At a reunion of No. 501 Squadron at RAF Kenley, surviving Battle of Britain pilots gather to swap stories and recall the events of 1940.
RAF Kenley is more commonly known for its role in the Battle of Britain or the Canadian Wing, under “Johnnie” Johnson, but it also featured heavily in the Battle of France. Between 10 May and 25 June 1940 eight squadrons, or parts thereof, were based at Kenley.
One of Maidstone's most tragic wartime incidents happened on 10th October 1940, when a Kenley Hurricane, of No.253 squadron, crashed into houses in Albion Place.
This is a brief outline of the planes that took part in the attack on and defence of the airfields defending London and south-east England on Sunday 18 August 1940, specifically RAF Kenley.
Cecil Robert Montgomery was born in Lisnaskea, County Fermanagh in Northern Ireland early in 1914. His father was John Montgomery ...
Walter James "Bill" Tyrrell was born in Brockley on 7th March, 1922. He was nicknamed Bill after Billy Buster, a carton character of that time, I’m told. His mother Annie Tyrrell, Nee’ Hayward was from Brockley and his Father Frederick Tyrrell was born in Carlshalton, in 1891.
Stephen Reglar has generously allowed us to share the story of his Father-in-Law, "Taff" Powell, who served with 253 Squadron.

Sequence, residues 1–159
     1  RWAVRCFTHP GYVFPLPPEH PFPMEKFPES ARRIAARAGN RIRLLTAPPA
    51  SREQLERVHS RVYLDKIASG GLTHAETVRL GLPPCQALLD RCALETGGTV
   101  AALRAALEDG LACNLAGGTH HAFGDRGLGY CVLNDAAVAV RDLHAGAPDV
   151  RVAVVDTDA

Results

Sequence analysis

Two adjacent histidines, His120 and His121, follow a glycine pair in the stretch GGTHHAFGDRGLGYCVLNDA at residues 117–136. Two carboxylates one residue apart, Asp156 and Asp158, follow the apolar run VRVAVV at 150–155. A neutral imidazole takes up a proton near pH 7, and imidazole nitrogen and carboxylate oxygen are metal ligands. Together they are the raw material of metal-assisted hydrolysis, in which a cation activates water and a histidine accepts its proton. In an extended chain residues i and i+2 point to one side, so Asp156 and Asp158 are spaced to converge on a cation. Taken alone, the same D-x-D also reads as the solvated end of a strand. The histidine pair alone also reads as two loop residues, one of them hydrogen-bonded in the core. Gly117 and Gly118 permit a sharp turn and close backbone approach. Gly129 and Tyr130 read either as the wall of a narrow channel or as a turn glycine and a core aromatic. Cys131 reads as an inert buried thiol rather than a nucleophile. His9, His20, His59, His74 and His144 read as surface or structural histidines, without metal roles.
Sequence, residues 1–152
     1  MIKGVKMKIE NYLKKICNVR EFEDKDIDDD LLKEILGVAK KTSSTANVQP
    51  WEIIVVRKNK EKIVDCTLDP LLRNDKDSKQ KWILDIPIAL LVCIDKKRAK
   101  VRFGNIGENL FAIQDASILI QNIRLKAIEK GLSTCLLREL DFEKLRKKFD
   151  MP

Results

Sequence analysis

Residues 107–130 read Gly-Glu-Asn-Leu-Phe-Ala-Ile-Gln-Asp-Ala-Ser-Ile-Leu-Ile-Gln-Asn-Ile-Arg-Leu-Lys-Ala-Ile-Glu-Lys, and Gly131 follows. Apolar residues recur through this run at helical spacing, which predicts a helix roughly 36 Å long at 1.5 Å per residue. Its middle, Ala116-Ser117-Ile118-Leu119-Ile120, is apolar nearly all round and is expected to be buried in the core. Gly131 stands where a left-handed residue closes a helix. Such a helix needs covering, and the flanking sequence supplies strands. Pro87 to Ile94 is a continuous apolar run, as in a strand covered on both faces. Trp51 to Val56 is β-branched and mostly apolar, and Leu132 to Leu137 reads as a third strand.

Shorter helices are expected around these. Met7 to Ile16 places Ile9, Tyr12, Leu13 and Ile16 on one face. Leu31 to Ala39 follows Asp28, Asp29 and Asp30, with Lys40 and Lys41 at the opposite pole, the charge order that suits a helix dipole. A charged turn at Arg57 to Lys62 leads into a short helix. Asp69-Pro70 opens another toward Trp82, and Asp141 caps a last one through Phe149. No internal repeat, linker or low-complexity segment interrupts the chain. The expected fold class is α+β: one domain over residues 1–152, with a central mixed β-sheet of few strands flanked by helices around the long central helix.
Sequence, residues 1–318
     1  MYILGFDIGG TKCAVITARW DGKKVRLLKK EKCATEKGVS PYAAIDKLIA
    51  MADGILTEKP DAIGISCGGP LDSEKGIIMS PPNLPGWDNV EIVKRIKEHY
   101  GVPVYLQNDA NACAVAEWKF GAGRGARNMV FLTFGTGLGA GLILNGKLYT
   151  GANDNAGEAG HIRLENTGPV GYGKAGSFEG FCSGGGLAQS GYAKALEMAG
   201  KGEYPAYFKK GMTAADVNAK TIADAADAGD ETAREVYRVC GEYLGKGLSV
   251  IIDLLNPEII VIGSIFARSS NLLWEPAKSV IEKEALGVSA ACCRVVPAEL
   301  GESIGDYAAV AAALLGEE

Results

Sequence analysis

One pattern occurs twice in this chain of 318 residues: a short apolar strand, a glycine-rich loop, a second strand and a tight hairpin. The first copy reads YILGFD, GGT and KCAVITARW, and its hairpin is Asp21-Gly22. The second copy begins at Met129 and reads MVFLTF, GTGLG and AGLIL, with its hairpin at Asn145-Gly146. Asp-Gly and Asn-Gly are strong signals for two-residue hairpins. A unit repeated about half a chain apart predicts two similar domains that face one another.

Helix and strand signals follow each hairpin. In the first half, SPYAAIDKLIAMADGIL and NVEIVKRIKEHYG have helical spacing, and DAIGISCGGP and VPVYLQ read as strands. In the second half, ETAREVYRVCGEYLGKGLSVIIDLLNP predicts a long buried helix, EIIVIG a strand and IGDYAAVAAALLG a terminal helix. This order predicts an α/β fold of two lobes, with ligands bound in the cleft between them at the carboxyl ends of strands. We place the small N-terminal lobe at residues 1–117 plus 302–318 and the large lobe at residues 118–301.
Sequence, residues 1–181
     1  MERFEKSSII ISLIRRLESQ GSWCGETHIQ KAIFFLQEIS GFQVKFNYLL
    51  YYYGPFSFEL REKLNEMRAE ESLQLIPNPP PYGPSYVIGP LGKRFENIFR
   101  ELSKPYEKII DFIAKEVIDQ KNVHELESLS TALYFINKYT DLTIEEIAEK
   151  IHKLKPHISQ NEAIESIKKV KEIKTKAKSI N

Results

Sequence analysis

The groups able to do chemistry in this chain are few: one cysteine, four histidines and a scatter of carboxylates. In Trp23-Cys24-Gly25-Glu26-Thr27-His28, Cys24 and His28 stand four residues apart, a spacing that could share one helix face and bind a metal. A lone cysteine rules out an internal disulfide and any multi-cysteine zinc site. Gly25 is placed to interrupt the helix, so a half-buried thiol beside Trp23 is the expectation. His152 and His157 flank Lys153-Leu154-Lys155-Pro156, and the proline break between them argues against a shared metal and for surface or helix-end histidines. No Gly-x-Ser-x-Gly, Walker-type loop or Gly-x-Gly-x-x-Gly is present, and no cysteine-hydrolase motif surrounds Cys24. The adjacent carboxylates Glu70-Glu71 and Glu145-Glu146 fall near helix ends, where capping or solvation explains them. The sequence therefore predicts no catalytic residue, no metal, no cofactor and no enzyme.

An oral history recording of Paul Farnes, the last remaining Battle of Britain pilot from RAF Kenley
Allan Corkett flew with No.253 Squadron at RAF Kenley during the Battle of Britain. Here, Jo Corkett pays tribute to the relative she sadly never met and Dave Brocklehurst MBE, of Kent Battle of Britain Museum, explains the significance of the items which Allan donated to the museum.
"There were times in France when, before a patrol, my stomach would writhe at the thought of meeting a violent end, but I put on an act of don't-give-a-damn rather than let anyone know it."
We are indebted to Michael Henry-May for these beautiful photos of Pilot Officer Hugh Henry-May and his family. Hugh lost ...
Sergeant Wladyslaw Mordasiewicz was a Polish serviceman who served in the 302 Polish Fighter Squadron during the Second World War. In 1941, 302 Squadron was stationed at RAF Kenley for five months, where Sergeant Mordasiewicz served as an office orderly from 7 April to 5 September. Despite only a short stay, he was able to recount in his diary some notable and interesting occurrences during his time at Kenley.
In March 1938, No.3 Squadron were proud to be the second R.A.F. Fighter squadron, after No.111, at Northolt, to get ...
Sunday 1st September, 1940, saw 11 Hurricanes from 85 Squadron, based at RAF Croydon, sent out to intercept a raid heading approaching Tunbridge Wells and heading towards Kenley....